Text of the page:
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Energy Ford rolls into TCU, kicks off speaker series

Ford rolls into TCU, kicks off speaker series

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Robert Francis
Robert is a Fort Worth native and longtime editor of the Fort Worth Business Press. He is a former president of the local Society of Professional Journalists and was a freelancer for a variety of newspapers, weeklies and magazines, including American Way, BrandWeek and InformatonWeek. A graduate of TCU, Robert has held a variety of writing and editing positions at publications such as the Grand Prairie Daily News and InfoWorld. He is also a musician and playwright.

A. Lee Graham lgraham@bizpress.net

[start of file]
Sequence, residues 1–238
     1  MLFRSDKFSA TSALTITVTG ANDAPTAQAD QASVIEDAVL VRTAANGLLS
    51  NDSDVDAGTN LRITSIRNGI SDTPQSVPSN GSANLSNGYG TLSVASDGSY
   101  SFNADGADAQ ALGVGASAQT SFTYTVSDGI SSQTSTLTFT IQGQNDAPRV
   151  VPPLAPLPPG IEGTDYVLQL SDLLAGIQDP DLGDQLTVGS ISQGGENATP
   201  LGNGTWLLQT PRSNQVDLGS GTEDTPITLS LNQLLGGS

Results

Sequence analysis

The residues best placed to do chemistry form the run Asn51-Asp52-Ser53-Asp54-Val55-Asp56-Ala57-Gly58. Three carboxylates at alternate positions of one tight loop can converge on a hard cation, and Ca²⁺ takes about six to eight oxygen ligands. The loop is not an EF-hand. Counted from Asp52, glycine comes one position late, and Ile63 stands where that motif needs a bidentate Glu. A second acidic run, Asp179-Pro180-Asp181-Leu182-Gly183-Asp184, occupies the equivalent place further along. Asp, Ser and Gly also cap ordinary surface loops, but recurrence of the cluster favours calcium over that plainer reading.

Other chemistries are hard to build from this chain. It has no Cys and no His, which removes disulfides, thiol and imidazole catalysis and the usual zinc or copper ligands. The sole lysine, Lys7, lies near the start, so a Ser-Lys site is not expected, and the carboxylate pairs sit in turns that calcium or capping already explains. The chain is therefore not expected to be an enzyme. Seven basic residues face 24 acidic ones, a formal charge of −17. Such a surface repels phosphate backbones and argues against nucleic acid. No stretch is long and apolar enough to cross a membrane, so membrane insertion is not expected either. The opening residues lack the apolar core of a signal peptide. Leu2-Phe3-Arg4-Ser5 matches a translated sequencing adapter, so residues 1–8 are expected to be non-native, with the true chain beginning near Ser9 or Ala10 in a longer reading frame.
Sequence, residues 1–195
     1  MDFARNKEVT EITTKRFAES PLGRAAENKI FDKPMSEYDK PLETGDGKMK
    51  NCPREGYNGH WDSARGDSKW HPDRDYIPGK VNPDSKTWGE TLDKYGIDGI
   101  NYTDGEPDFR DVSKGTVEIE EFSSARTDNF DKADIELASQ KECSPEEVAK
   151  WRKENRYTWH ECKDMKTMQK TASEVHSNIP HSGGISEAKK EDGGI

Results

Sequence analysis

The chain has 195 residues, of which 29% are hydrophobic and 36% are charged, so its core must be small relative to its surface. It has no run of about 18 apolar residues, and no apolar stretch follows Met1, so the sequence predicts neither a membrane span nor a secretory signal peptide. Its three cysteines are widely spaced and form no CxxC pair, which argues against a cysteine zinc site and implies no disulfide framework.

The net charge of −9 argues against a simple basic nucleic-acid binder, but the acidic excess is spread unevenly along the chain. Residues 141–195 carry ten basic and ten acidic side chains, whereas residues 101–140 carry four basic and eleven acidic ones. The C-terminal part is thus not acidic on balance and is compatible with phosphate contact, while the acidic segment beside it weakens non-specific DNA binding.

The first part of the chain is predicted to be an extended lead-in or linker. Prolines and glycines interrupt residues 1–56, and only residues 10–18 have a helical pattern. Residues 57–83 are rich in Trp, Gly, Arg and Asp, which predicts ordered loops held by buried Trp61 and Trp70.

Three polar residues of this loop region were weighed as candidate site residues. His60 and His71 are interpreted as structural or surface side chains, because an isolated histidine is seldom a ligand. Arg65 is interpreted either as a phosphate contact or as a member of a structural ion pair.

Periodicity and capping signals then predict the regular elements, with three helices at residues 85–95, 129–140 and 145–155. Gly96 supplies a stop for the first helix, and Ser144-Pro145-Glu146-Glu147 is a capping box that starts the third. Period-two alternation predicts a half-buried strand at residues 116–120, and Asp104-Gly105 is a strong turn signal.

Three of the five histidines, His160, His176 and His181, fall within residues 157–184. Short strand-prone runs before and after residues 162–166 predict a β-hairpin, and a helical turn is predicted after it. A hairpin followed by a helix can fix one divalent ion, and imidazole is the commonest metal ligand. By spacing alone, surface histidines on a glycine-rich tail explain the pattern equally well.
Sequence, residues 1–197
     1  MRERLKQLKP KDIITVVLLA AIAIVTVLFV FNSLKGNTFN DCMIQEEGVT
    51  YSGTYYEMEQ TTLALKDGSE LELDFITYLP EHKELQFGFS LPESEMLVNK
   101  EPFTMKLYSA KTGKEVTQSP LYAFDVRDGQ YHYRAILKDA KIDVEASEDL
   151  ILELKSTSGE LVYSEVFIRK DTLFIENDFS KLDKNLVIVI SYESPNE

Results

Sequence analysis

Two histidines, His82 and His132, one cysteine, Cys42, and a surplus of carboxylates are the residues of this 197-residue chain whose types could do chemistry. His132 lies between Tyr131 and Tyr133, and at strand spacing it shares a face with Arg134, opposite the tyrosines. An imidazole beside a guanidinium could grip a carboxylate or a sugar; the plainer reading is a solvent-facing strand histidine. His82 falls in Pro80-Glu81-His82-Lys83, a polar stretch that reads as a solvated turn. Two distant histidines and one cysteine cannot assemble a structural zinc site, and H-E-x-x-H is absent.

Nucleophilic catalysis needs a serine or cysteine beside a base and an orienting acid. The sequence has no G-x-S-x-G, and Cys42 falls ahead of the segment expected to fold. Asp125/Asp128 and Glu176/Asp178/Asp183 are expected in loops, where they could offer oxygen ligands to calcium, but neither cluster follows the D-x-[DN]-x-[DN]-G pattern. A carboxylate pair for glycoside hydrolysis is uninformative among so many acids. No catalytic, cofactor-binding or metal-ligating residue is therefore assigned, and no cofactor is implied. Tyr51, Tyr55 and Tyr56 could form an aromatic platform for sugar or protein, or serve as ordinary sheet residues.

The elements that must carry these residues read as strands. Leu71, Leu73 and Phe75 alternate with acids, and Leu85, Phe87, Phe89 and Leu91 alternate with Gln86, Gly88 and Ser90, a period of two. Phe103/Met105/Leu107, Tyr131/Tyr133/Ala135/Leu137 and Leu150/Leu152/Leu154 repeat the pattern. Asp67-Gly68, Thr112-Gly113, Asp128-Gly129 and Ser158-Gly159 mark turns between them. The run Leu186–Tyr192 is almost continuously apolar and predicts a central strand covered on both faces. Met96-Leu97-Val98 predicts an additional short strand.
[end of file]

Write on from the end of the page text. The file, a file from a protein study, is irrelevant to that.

Fracking has been kind to Ford Motor Co., whose latest innovation attracted quite a crowd at Texas Christian University. Students, educators and auto enthusiasts alike peered inside a 2014 F-150 pickup powered by compressed natural gas this month, marveling not only at its spacious cabin but also at the virtual silence of the idling half-ton vehicle’s engine. “This is the crown jewel of the Ford Motor Co.,” said Jon Coleman, fleet sustainability and technology manager for the automotive titan. As guest speaker for the school’s inaugural Kenneth W. Davis Jr. “Leaders In Energy” Speaker Series on Oct. 22, Coleman explained how Ford has profited from the natural gas revolution. “If you’re in Texas, energy is important,” Coleman said. “It makes sense that a university like TCU would have a focus on energy.” The school’s leading energy authority agreed. “This is going to change our road map in this country,” said Ken Morgan, director of the TCU Energy Institute, referring to the CNG-powered F-150. “We’ve been waiting for it for a long time.” Standing outside the Dee J. Kelly Alumni and Visitors Center, Morgan, Coleman and several onlookers admired the pickup, the eighth Ford vehicle built to run on clean-burning, inexpensive CNG. But the pickup isn’t merely the latest F-150; it’s the first variation of the company’s most popular vehicle to run on compressed natural gas. It’s also a byproduct of hydraulic fracturing, which has energy companies in overdrive breaking apart rock to reach previously unreachable natural gas deposits. “It’s American, affordable, clean and safe,” Coleman told about 100 onlookers gathered to learn not only more about the truck model but also about the natural gas phenomenon that made it possible. Abundant supplies have made prices cheap. Consumers pay an average $2.11 per gallon for CNG, with prices as low as $1 in some parts of the nation. Compared with $3.33 for the average gallon of regular unleaded gasoline as of Oct. 23, that’s a steal. And with CNG refueling stations multiplying every day, the market is growing. That reality has Ford courting retail consumers as well as fleet managers, the primary customer for CNG or liquefied petroleum gas vehicles. For more than 10 years, Coleman has helped fleet managers make their vehicles more fuel-efficient while recommending other measures considered sustainable such as improving air quality, lessening dependence on foreign oil and using other economical and ecologically conscious approaches. Though natural gas-fueled trucks are nothing new, Ford has sprinted ahead of the pack in offering the first natural gas variation of a half-ton pickup. “And they pay for themselves,” said Coleman, promising retail buyers $2,651 in annual fuel savings, or 10 cents per mile, compared with traditional gasoline engines. “The economics are undeniable,” Coleman said. But offering comparable fuel savings for electric autos isn’t so easy, at least for pickups and similarly heavy vehicles. That’s because smaller vehicles such as the Ford Focus need a battery occupying 23 liters of space. Coleman provided a college translation for that metric. “That’s roughly four kegs of beer in size,” said Coleman. An F-150 battery would need to weigh much more, Coleman said. But what’s sizable today could shrink thanks to future generations of researchers, many of whom may be TCU students today. “Students at TCU will be the people, four, eight or 15 years from now, redefining what this industry means,” Coleman said.  


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